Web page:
The Iraqi Ministry of Agriculture allocated more than 22 billion dinars last week to finance a wide range of anti-desertification projects.
The money will be invested in four major projects: contain sand dunes, build green oases, plant indigenous pastures, and construct water-storage projects.
"The ministry has allocated 10 billion dinars for the project to contain sand dunes," said Mohammad Ghazi, director general of the Anti-Desertification Commission. "The main site for the start of the project will be in Dhi Qar province but the work will be spread out to a number of provinces where sand belts are present."
Iraqi sand belts and dunes are generally found in the sediment valley east of Diwaniyah, as well as the eastern governorate of Maysan and the central region around Baijy.
"The ministry also allocated 2.9 billion dinars to finance the project for growing indigenous plants to revive indigenous shrubs and plants that depreciated several decades ago," he said. "The project will set up pastures in locations with concentrated desert plant populations, particularly in the middle and southern Euphrates regions."
The ministry also set aside 5 billion dinars to finance the project for establishing green oases, in addition to another 5 billion to build the Hammad reservoir project in Anbar province along the Syrian border. These water collection projects aim to assist nomadic cattle raisers.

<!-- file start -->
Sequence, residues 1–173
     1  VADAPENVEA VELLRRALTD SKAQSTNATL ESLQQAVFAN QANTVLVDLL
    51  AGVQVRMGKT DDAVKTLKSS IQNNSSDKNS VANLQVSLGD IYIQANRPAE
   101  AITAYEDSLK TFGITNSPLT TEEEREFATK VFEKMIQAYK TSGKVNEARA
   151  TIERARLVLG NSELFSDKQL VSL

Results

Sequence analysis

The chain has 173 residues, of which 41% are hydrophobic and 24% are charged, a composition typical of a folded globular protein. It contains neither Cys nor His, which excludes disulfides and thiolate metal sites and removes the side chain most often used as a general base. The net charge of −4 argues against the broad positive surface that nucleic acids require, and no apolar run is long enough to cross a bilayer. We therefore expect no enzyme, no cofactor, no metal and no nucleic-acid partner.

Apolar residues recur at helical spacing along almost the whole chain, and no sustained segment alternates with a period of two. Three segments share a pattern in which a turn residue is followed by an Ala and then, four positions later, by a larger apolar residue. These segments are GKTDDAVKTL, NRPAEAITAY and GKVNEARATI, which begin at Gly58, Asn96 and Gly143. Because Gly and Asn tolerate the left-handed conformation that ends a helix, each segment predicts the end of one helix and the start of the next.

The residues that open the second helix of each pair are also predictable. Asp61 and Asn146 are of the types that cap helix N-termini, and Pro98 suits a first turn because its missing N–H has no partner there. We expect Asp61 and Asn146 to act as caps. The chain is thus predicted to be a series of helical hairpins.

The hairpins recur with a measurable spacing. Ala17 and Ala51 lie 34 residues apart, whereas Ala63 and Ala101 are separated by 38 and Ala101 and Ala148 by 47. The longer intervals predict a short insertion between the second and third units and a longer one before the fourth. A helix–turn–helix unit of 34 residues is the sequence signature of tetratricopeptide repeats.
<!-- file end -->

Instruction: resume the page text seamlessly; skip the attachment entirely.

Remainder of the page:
According to Ghazi, these plans will mitigate the effects of the desertification in Iraq.
The drought crisis worsened in Iraq during 2007 and 2008 due to decreased rainfall, irrigation water misuse, and a drop in the Tigris' and the Euphrates' water levels.
According to ministry officials, Iraq has a medium rate of desertification, which may be periodically allayed through irrigation planning and conservation efforts made by the ministry.
"The issue of desertification in Iraq is rather difficult and serious for which the proper solutions must be found," said Kassim Hussein, member of the agriculture committee at the Iraqi parliament.
Hussein admitted to Mawtani that even though the anti-desertification funds allocated for the Ministry of Agriculture will ease the nation-wide problem, they will not completely eliminate it.
"The country needs a long time to wipe out the problem of desertification, especially since Iraq has suffered during the past few years from a shortage of water and little rainfall," he added.
However, Hussein lauded the initial steps taken by the ministry to address the problem.
"We call on the government to allocate additional funds in the future so that we would wipe out the desertification problem from which Iraq is suffering."